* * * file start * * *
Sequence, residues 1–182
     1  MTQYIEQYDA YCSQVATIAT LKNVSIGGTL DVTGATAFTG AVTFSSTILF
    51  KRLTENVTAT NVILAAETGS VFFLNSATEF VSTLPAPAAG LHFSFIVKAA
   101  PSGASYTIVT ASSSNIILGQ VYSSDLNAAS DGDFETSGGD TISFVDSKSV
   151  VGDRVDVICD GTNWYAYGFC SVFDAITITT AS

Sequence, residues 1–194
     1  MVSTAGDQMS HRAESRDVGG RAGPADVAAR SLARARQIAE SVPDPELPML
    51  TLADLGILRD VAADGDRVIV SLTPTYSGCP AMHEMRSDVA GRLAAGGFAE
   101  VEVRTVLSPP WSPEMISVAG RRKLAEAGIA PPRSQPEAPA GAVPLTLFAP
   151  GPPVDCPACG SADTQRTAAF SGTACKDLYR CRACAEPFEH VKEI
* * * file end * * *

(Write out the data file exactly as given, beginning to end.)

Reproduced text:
Sequence, residues 1–182
     1  MTQYIEQYDA YCSQVATIAT LKNVSIGGTL DVTGATAFTG AVTFSSTILF
    51  KRLTENVTAT NVILAAETGS VFFLNSATEF VSTLPAPAAG LHFSFIVKAA
   101  PSGASYTIVT ASSSNIILGQ VYSSDLNAAS DGDFETSGGD TISFVDSKSV
   151  VGDRVDVICD GTNWYAYGFC SVFDAITITT AS

Sequence, residues 1–194
     1  MVSTAGDQMS HRAESRDVGG RAGPADVAAR SLARARQIAE SVPDPELPML
    51  TLADLGILRD VAADGDRVIV SLTPTYSGCP AMHEMRSDVA GRLAAGGFAE
   101  VEVRTVLSPP WSPEMISVAG RRKLAEAGIA PPRSQPEAPA GAVPLTLFAP
   151  GPPVDCPACG SADTQRTAAF SGTACKDLYR CRACAEPFEH VKEI